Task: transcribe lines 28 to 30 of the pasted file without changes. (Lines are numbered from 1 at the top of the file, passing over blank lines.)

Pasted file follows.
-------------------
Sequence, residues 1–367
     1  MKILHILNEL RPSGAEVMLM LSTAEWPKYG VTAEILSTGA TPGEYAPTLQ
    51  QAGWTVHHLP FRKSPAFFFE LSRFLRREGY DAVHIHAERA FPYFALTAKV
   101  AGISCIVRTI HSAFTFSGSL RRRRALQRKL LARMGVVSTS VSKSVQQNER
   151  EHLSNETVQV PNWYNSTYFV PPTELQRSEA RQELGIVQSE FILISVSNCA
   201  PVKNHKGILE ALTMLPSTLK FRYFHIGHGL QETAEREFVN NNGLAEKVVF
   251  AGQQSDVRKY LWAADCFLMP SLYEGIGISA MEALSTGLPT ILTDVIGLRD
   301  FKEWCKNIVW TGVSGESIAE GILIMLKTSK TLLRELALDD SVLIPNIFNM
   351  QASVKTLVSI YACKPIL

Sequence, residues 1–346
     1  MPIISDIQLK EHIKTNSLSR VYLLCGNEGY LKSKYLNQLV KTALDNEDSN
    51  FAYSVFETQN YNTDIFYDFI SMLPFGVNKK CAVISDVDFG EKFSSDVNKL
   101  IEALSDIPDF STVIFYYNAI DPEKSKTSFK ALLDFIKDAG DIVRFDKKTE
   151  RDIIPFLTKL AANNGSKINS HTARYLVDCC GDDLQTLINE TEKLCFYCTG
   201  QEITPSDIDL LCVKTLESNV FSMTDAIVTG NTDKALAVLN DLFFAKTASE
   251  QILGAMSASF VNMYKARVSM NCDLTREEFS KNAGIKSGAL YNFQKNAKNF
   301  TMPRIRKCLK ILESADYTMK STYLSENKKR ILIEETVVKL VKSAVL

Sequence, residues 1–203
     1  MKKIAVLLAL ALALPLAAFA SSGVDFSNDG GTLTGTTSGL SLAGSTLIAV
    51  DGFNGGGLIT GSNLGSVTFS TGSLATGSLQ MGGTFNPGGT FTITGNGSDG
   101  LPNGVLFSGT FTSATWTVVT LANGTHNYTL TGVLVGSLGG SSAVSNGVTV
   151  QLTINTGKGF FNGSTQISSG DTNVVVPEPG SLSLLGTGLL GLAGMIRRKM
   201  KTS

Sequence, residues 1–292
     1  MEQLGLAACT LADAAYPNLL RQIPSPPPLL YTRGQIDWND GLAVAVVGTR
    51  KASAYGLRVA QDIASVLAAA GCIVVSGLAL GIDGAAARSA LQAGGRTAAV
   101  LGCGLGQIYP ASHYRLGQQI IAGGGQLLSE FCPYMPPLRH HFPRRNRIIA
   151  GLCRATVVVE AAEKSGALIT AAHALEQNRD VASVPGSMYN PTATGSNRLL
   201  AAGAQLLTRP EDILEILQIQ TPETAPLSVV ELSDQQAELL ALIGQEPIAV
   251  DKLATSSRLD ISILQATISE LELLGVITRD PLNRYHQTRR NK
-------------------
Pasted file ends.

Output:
   151  GLCRATVVVE AAEKSGALIT AAHALEQNRD VASVPGSMYN PTATGSNRLL
   201  AAGAQLLTRP EDILEILQIQ TPETAPLSVV ELSDQQAELL ALIGQEPIAV
   251  DKLATSSRLD ISILQATISE LELLGVITRD PLNRYHQTRR NK